Verbatim: James Meredith Policy On Interviews | Jackson Free Press | Jackson, MS

Verbatim: James Meredith Policy On Interviews

I will grant an interview only to people who agree to the following five stipulations.

1. Do not refer to me as AFRICAN AMERICAN. I am a CITIZEN of the United States of America.

2. Do not refer to the fighting at Ole Miss in 1962 as a RIOT. A government cannot riot. It was a WAR between the state of Mississippi and the United States.

3. Do not call the Black-White issue RACISM. It is an issue of White Supremacy and black Inferiority.

4. Never say that it was the United States Marshals who insured my rights as a CITIZEN to go to Ole Miss. It was the United States Army.

5. You must agree to use the term SOUTHERN BAPTISTS in the story at least once.

James Meredith said his hometown Jackson Free Press was the only media outlet exempt from the rules.

Previous Comments

ID
138116
Comment

I think the editor of the Ole Miss newspaper is confused in an editor's note about Mr. Meredith's conditions to journalists. He writes: Mr. Meredith stipulated five conditions: first, that we may not refer to him as a black man; second, that we could not refer to the tension between white people and black people as “racism”; third, that we could not refer to the 1962 conflict on the Ole Miss campus as “riots”; fourth, that we must not say that the U.S. Marshals ensured Meredith’s safe passage into the Lyceum, but rather the U.S. Army; and fifth, that we must mention Southern Baptists at some point within the article. Mr. Meredith stipulates that he shouldn't be referred to as "African American"—because he is an American. I don't believe he minds being called "black."

Author
DonnaLadd
Date
2008-09-24T15:23:58-06:00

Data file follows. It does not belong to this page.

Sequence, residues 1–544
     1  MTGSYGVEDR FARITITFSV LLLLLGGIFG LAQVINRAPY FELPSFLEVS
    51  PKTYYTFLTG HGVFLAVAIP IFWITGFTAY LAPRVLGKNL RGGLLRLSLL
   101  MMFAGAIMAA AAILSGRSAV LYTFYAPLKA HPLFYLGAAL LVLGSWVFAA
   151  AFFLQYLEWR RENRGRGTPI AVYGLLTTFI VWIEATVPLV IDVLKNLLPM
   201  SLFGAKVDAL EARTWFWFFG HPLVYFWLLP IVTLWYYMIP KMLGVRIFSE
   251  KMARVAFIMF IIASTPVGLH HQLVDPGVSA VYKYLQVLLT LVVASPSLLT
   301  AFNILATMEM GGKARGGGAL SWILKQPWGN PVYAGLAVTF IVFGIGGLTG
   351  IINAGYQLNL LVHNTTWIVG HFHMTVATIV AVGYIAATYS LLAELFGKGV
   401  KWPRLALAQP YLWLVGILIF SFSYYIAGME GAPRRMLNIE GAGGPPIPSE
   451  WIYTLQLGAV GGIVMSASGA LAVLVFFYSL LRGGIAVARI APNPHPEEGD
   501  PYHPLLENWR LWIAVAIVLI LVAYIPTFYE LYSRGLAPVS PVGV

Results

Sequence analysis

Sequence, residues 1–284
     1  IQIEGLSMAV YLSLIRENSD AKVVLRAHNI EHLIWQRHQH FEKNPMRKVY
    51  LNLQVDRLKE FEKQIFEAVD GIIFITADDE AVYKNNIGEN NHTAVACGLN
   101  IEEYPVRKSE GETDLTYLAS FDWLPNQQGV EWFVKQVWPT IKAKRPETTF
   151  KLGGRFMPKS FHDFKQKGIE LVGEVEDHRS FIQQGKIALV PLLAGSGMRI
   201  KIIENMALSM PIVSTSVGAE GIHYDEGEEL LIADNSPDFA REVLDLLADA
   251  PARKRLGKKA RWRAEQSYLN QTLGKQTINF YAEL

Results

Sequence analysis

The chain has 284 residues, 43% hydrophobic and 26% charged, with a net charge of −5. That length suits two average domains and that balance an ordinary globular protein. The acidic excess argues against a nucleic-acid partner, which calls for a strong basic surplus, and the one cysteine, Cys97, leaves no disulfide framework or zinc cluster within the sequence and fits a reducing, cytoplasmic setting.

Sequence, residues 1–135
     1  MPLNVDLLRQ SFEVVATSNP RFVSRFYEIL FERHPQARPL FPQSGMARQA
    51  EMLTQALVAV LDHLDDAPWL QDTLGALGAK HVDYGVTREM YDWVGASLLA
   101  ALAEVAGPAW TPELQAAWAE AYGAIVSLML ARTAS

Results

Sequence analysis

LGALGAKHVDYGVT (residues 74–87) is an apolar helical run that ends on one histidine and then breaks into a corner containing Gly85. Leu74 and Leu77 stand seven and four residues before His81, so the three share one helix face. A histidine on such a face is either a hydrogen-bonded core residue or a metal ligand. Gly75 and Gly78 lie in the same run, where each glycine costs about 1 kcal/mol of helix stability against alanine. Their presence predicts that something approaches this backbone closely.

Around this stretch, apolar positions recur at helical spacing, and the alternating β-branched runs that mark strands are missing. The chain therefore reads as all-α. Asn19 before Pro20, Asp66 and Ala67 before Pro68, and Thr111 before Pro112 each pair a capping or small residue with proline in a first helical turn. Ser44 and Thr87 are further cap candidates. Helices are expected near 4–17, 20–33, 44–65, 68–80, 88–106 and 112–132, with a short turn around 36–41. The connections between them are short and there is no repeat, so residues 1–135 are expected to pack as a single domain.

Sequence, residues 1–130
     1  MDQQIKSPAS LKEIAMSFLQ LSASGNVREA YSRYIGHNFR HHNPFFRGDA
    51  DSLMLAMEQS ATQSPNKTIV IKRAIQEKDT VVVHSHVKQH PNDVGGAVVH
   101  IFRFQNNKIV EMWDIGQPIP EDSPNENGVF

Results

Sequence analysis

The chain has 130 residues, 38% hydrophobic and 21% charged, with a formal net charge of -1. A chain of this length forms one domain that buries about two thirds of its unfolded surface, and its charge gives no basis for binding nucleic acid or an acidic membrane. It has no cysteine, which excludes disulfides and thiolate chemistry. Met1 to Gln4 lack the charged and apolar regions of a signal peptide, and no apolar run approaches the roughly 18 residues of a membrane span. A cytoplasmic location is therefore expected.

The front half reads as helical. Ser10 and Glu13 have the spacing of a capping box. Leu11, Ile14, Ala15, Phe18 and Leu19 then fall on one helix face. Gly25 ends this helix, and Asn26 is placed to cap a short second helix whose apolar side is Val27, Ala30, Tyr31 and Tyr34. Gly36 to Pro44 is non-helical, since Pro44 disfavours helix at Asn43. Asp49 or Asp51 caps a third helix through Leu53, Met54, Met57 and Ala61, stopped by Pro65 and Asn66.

ID
138158
Comment

This is purely out of curiosity -- why does there have to be a mention of Southern Baptists? Am I forgetting something about what happened in 1962 that involved them? That one was confusing to me.

Author
andi
Date
2008-09-24T21:35:58-06:00
ID
138159
Comment

If you read the interview, you'll see that Mr. Meredith blames the Southern Baptists (as an institution) for many of our race and other problems (such as not dealing with poverty and AIDS). He believes they've gotten away from the fundamentals of what the Bible really says.

Author
DonnaLadd
Date
2008-09-24T21:46:00-06:00
ID
138160
Comment

Ohh! (sheepish grin) I haven't had a chance to read the interview yet! As a former Southern Baptist, I have to say that I would agree with his sentiment. That is why I don't consider myself Baptist anymore!

Author
andi
Date
2008-09-24T21:51:20-06:00
ID
138162
Comment

Yeah, I'm a reformed one myself.

Author
DonnaLadd
Date
2008-09-24T21:54:40-06:00
ID
138271
Comment

James tells a very sad story. I was in high school when he was going through the hell of intergrating Ole MS. After graduating, he could not find a job - anywhere in the State. My father-in-law was Superintendent of "Colored Schools" here in Jackson and no black Administrator could touch James with a ten foot pole. The message was, hire and be fired. He moved on to New York and it was as if James or his actions ever existed. Credit was given to another group, who according to some, became the "mouth-piece" for Black people here in Jackson. To add insult to injury, James became a member of the Republican Party. A party that was taboo for black people in these parks. (James was a political fish out of water) There must be a lot of bitterness that James continues to feel. My hope is that he will be given some type of positive recognition (roses while he can smell them). James Meredith took a giant step: I think it is safe to say that he somehow landed on his feet!

Author
justjess
Date
2008-09-26T11:11:46-06:00
ID
138272
Comment

As a former Southern Baptist, I have to say that I would agree with his sentiment. That is why I don't consider myself Baptist anymore! I've never been a Southern Baptist, but now I just refer to myself as Christian and stick to the fundamentals. I don't "do" denominations. :)

Author
LatashaWillis
Date
2008-09-26T11:23:32-06:00
ID
138279
Comment

There were many others who suffered violence and threats of violence in the struggle and were unable to find jobs OR were unable to find jobs in a field that they had studied for. Local People by John Dittmer is the best book that I have read detailing the hundreds of forgotten local heros of the movement, people like Hartman Turnbow who often had shootouts with the Klan in Holmes County and famously told Dr. King, "Rev., that non-violence is gonna get you killed."

Author
FreeClif
Date
2008-09-26T14:28:04-06:00

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